Since 2008, we have allocated over £1.5 billion of the working neighbourhoods fund to help local authorities with high rates of worklessness to support their communities. That has all been allocated to local authorities.
Of the £1.5 billion allocated, I thank the Secretary of State for the £27 million that has come to Stoke-on-Trent from the working neighbourhood funds. Will he join me in congratulating the jobs, enterprise and training centre in Burslem, the YMCA and the charity Groundwork on the difference they make to helping the long-term unemployed to get back to work?
I am delighted to praise the organisations that my hon. Friend mentions. The JET centres use the working neighbourhoods fund and other sources of money, and the organisations she mentions all play a very valuable role. One of the aims of the working neighbourhoods fund has been to allow local authorities to tailor what they do for workless people to the needs of local areas. In many areas, the sort of voluntary organisations she talks about are key to success.
I understand that no such funding came to Lancashire last year. Will the Secretary of State ensure that local authorities are able to implement the working neighbourhoods fund flexibly, so that they can aid projects to regenerate communities in rural areas such as the one I represent, where we have seen firms, shops and local schools close, or where there are sometimes no rural buses?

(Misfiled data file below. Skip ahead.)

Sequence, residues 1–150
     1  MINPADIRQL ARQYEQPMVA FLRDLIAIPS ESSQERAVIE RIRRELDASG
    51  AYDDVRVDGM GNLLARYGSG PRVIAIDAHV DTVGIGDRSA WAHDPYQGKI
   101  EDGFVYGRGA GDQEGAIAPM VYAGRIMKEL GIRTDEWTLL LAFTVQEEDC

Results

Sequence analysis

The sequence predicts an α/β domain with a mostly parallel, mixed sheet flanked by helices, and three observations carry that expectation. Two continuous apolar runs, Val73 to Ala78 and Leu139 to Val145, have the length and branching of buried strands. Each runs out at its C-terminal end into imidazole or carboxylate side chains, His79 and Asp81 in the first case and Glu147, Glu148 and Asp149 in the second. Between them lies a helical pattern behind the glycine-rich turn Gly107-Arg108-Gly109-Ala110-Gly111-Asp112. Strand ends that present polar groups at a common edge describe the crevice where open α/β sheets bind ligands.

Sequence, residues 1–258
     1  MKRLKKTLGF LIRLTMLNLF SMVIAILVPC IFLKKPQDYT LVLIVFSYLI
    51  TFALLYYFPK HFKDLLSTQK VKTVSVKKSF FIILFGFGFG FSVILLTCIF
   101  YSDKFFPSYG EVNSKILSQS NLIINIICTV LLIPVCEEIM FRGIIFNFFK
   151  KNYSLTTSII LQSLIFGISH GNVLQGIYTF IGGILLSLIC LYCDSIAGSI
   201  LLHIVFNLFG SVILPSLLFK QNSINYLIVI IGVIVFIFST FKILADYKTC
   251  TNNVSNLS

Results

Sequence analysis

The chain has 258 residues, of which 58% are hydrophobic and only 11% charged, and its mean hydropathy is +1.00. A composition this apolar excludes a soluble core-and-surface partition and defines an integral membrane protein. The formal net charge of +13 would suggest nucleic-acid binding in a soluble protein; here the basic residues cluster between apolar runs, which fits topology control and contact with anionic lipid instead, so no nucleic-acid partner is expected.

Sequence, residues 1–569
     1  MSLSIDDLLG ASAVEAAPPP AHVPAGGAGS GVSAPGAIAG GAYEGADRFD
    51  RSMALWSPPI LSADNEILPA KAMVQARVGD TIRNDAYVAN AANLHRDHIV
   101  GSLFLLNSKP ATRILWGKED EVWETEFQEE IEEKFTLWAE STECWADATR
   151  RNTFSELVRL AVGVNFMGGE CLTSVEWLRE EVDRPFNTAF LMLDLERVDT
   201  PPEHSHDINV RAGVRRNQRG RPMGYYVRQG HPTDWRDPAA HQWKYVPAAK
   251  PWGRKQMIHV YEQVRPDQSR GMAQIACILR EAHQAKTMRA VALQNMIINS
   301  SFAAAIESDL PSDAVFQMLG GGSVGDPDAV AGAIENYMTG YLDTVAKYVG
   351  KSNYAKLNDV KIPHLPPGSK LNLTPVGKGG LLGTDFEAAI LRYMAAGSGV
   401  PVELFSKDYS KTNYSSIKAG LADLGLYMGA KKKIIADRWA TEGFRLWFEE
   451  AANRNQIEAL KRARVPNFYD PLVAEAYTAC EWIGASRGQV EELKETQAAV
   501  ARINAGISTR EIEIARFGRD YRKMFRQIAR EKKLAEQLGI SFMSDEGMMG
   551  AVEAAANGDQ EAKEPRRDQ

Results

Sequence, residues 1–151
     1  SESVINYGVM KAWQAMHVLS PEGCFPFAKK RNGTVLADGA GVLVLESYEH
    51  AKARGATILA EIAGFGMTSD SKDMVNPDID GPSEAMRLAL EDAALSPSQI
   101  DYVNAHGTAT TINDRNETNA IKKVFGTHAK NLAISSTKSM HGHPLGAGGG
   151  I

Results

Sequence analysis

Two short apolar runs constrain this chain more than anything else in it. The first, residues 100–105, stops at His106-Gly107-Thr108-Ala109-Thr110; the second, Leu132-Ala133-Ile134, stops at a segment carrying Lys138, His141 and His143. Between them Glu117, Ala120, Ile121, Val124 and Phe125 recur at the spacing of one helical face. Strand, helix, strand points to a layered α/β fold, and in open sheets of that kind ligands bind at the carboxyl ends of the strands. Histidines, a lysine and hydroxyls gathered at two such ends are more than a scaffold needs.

The working neighbourhoods fund has been targeted at those areas with the highest levels of worklessness and deprivation. That has been the right thing to do, but it is within the area-based grant, which gives local authorities the maximum flexibility locally in tailoring what they do to local needs. Obviously, other Government initiatives—for example, to help high streets suffering from empty shops—have gone to a wider range of local authorities, including some in rural areas.
North East Lincolnshire council was allocated more than £13 million of working neighbourhoods funding. However, to date, it has used just £1.5 million of that. Will my right hon. Friend tell me what checks are made on councils to see that they are actually using the money for the purpose for which it is intended? I fear that some of my constituents could have lost out because the council has just sat on that money.
That is a very important issue, and I understand that my hon. Friend is meeting my right hon. Friend the Minister for Regional Economic Development and Co-ordination later this week to discuss it. There really is no excuse for local authorities not to spend the money that they have been allocated to help people through the recession and to get into work. There is another crucial issue here. The Government have rightly listened to local authorities that say, “Don’t ring-fence every penny and tell us exactly how to spend it. Trust us.” When that trust breaks down, and when money is not used, there is a real problem, which I hope can be addressed very quickly.